To that end, he sees changing the conversation about it in Congress, where he said he’ll advocate in the House and also connect and work with local officials to push for those policies.
Ocampo Grajales also sees immigration as important to him, noting how it feels for him to have a family that’s undocumented, and other family members and friends that are as well.
“Immigration is broken in this country,” he said. “People talk about waiting in line, but the reality is that, aside from the lottery and a couple other processes, there are not a lot of options for actually getting into the country, and having a pathway to citizenship.”
He plans to push for immigration reform, addressing immigration courts, and advocate for abolishing federal Immigration and Customs Enforcement (ICE).
“Willing to take on a machine”
As Ocampo Grajales competes in a now three-way primary race between Robert Menendez Jr., the son of U.S. Senator Robert Menendez, and Ana Roseborough-Eberhard, a public school teacher from Weehawken, he believes that he has a chance of winning it.
He also dismissed the establishment’s support of Menendez Jr. to potentially succeed Sires. “I’m so confident in our message, it’s just a matter of having people to get it out to,” he said. “It’s absolutely an uphill battle, but it’s definitely a winnable one.”
When asked about how he would deal with the gridlock and polarization that Congress has become almost commonplace, Ocampo Grajales acknowledged that Democrats could lose their majority in the House this November. In the meantime, he would focus on staying connected to the local community, creating a constituent services office in the district, and “innovate” the way constituents would interact with their elected officials such as town halls, and using technology to collect feedback and respond more quickly.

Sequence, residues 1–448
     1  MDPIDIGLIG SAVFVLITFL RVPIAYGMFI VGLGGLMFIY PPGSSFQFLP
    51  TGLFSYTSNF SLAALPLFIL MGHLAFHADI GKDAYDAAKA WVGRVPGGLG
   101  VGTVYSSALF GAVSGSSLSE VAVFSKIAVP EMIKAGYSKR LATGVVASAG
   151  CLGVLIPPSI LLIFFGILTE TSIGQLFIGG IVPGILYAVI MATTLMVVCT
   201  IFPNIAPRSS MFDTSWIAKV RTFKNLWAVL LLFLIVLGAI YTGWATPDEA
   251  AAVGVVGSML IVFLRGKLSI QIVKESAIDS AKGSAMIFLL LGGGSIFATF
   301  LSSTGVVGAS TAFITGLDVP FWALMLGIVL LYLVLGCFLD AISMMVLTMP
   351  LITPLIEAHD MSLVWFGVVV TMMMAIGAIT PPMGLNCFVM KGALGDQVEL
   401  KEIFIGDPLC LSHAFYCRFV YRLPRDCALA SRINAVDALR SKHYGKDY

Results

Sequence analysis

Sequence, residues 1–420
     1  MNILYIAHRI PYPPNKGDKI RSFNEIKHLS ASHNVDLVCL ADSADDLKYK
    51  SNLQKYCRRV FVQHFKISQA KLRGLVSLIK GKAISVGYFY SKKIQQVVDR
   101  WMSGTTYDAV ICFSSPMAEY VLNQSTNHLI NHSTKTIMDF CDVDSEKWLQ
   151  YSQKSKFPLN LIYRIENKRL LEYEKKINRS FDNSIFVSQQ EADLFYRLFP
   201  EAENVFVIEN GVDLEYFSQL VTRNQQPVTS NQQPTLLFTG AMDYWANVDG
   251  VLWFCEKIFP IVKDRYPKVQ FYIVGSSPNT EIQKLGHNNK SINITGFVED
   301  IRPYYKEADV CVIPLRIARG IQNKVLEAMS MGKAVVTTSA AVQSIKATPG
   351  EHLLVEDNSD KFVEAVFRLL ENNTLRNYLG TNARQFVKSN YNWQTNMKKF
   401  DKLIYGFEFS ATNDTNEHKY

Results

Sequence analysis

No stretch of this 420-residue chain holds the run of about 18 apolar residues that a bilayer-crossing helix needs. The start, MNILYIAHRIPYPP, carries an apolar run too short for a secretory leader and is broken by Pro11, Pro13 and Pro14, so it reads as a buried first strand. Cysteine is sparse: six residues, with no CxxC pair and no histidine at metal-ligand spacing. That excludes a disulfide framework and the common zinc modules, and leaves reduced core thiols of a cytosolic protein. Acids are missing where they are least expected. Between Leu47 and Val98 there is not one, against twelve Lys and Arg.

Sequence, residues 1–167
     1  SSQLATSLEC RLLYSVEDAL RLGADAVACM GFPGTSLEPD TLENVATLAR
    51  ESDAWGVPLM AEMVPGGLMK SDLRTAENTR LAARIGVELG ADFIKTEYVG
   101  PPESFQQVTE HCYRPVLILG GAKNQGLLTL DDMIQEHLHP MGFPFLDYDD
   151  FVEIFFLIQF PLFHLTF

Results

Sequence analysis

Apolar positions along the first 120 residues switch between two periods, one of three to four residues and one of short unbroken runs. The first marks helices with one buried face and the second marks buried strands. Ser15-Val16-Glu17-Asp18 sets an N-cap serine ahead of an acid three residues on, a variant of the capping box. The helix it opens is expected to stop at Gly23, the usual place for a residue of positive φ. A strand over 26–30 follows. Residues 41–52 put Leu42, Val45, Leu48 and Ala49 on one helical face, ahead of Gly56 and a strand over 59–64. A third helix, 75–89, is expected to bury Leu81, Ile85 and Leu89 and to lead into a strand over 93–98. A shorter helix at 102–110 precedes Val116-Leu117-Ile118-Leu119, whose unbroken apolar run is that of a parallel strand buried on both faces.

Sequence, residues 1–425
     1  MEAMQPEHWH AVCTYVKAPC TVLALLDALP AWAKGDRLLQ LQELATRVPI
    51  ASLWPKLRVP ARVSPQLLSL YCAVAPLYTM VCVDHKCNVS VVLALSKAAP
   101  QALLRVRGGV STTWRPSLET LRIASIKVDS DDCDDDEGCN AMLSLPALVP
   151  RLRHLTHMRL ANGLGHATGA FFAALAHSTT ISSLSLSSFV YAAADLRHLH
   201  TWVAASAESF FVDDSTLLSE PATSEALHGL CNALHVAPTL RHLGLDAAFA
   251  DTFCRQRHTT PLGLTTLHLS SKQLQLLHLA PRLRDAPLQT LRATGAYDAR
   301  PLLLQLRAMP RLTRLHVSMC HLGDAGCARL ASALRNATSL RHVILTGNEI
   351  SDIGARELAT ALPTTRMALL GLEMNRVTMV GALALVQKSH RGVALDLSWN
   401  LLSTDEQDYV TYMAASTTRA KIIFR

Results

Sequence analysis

Regardless of who controls Congress after this year, Ocampo Grajales plans to join the Congressional Progressive Caucus and would work to reform it due to what he says are a number of representatives that call themselves “progressive,” and that they need to set a standard for what the term means.
Ocampo Grajales also wants to join committees such as Foreign Affairs, Transportation and Infrastructure, and Appropriations, where he would take time to do research and create questions that he wants answers to, as well as investigating how decisions are made and whether companies are doing things to improve transparency.
He said that he’ll try to work with Republicans, but pointed out with the recent infrastructure bill and the stalled Build Back Better agenda that sometimes they’ll face an opposing party that doesn’t want to get anything done for people.
He also said he’ll focus on stopping the GOP’s moves to pull back voting rights and abortion rights, and that he wouldn’t compromise on what he sees as basic principles.
“I think that if voters want a representative who truly represents them, understands the challenges that they’re facing because he’s gone through it himself, and is willing to just fight with everything, I’m willing to take on a machine and want to do a whole lot more to fight for the actual change that they deserve,” he said.